Shall Not The Judge Of All The Earth Do Right? - The Jesus Code

Shall Not the Judge of All the Earth Do Right?

Genesis 18:25

In my decades of Christian service, far and away the most often asked question has been something like this: “What about the person who has never even heard the name of Jesus? God will let them into heaven, won’t He?” This is usually accompanied by such follow-up questions as, “What about those devout and sincerely religious persons of other faiths who spend a lifetime in service and worship?” and “What about our Jewish friends? Are they the ‘other sheep’ Jesus referred to as His own who are ‘not of this fold’ (John 10:16)?”

Abraham’s “Shall not the Judge of all the earth do right?” (Genesis 18:25) is obviously a rhetorical question. He asked it not as much to gain information as to emphasize a point. A rhetorical question really expects no answer; it is already known. In this case, shall God, ultimately, “do right”? Absolutely! Rest assured of this. Even Job reminded us that our great God is “excellent in power, in judgment and abundant justice” (Job 37:23). David, the psalmist of Israel, added, “The judgments of the LORD are true and righteous altogether” (Psalm 19:9).

So who is the Judge going to allow into heaven? There are three theological persuasions when it comes to the issue of who is going to heaven. Inclusivism teaches that men and women are saved by general revelation and that, when all is said and done, no one will be left out; everyone is “included” in the atonement. Pluralism teaches that there is a plurality of ways one can get to heaven. The pluralist tells us that we are all going to the same place; different religions are simply getting there on different roads, but all faith claims are true and valid. Exclusivism teaches that faith in Christ and in Christ alone is the only way to the Father’s house. Or, as Jesus Himself put it, “I am the way, the truth, and the life. No one comes to the Father except through Me” (John 14:6).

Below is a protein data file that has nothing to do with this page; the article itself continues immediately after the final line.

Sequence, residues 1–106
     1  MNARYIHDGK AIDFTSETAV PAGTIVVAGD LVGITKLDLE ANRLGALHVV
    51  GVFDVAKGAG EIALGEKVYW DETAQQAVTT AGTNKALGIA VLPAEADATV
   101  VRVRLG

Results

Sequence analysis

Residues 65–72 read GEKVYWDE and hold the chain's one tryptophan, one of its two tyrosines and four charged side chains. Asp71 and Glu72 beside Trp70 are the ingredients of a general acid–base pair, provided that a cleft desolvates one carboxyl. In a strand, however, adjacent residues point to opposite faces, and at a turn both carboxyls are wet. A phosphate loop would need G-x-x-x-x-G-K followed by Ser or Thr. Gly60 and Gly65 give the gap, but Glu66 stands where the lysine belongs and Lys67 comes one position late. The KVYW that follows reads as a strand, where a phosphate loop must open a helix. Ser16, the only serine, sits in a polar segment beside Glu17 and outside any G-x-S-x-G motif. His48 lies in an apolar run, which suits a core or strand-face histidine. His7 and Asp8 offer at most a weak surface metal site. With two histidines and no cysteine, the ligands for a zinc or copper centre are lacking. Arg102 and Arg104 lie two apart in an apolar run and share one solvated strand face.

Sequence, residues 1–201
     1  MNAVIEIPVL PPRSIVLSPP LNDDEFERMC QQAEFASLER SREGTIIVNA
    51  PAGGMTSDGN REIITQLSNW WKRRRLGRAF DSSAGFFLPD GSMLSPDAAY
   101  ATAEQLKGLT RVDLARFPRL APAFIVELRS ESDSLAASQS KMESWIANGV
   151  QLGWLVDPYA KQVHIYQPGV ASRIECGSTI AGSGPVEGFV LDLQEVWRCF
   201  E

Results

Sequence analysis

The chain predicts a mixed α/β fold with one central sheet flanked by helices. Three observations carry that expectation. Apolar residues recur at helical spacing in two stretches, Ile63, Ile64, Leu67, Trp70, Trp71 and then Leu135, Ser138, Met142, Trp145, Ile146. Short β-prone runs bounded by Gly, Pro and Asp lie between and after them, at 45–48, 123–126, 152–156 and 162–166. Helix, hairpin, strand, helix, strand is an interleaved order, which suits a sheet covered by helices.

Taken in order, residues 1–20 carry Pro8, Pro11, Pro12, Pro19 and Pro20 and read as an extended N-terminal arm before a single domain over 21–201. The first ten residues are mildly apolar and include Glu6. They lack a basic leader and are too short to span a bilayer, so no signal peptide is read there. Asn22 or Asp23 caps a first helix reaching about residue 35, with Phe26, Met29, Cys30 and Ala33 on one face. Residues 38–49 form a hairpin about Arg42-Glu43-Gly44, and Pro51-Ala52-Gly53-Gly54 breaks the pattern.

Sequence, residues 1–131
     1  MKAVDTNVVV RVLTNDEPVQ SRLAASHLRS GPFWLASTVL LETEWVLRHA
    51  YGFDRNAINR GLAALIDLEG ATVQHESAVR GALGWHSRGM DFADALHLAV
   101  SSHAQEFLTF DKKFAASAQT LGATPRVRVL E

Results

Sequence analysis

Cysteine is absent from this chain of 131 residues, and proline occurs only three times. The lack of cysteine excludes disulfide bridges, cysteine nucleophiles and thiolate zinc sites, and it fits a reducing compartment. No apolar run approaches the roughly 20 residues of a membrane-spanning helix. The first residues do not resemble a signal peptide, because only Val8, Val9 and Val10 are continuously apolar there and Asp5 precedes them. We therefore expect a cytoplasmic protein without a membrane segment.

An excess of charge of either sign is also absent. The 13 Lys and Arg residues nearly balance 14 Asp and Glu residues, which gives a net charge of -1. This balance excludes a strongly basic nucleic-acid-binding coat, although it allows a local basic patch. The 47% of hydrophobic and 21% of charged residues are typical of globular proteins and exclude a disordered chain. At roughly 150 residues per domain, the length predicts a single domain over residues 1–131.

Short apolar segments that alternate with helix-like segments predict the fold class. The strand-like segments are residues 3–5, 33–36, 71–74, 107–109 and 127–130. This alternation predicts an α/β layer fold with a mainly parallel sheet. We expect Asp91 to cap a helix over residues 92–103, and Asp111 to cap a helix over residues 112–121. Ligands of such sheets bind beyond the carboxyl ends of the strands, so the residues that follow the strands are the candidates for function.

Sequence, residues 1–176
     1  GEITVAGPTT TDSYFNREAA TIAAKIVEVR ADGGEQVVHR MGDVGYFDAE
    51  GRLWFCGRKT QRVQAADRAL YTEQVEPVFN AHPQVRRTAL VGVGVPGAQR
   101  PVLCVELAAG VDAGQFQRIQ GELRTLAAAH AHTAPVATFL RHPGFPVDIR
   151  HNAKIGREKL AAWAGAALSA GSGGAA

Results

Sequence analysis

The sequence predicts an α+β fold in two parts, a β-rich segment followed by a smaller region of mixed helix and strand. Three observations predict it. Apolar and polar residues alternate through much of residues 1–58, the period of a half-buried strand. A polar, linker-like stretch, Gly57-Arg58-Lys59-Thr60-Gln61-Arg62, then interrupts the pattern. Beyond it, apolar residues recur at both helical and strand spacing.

There are many issues hard to understand that must be left in the eternal councils of the Godhead. I will be the first to admit there is much we do not know, but there is also much we do know. What we do know from God’s Word is the focus of this chapter. We’ll look at two fatal flaws that are prevalent when dealing with the question at hand. Those who hold out the hope that heaven is open to those who simply have never heard is based on a presumption and an assumption.


The presumption on the part of many proponents of inclusivism is that those who have never heard have some sort of special dispensation that will provide them a different way into eternal life.

But the same Bible that tells us God is a God of love also tells us He is a God of justice who must punish our sin. In a reading of Genesis, we find God’s justice revealed several times before arriving at Genesis 18:25. God judged Cain for killing his brother Abel (Genesis 4). God judged the entire world with a great flood in the days of Noah (Genesis 7). At the Tower of Babel, God judged harshly man’s self-reliance and sheer arrogance (Genesis 11). And who can ever forget what happened when the judgment of God fell on Sodom and Gomorrah (Genesis 19)? God’s judgment is always true and always righteous.

Space does not permit us to hear out Paul on this matter. All one must do is read Romans 1–3 for a complete explanation of how we are all guilty before a righteous Judge. Those who have never heard the gospel are not condemned because they have neglected or rejected Christ. They, like all of us, are “condemned already” because creation speaks of Him (John 3:18, Romans 1:20) and because our own conscience testifies of Him as well (Romans 2:15–16).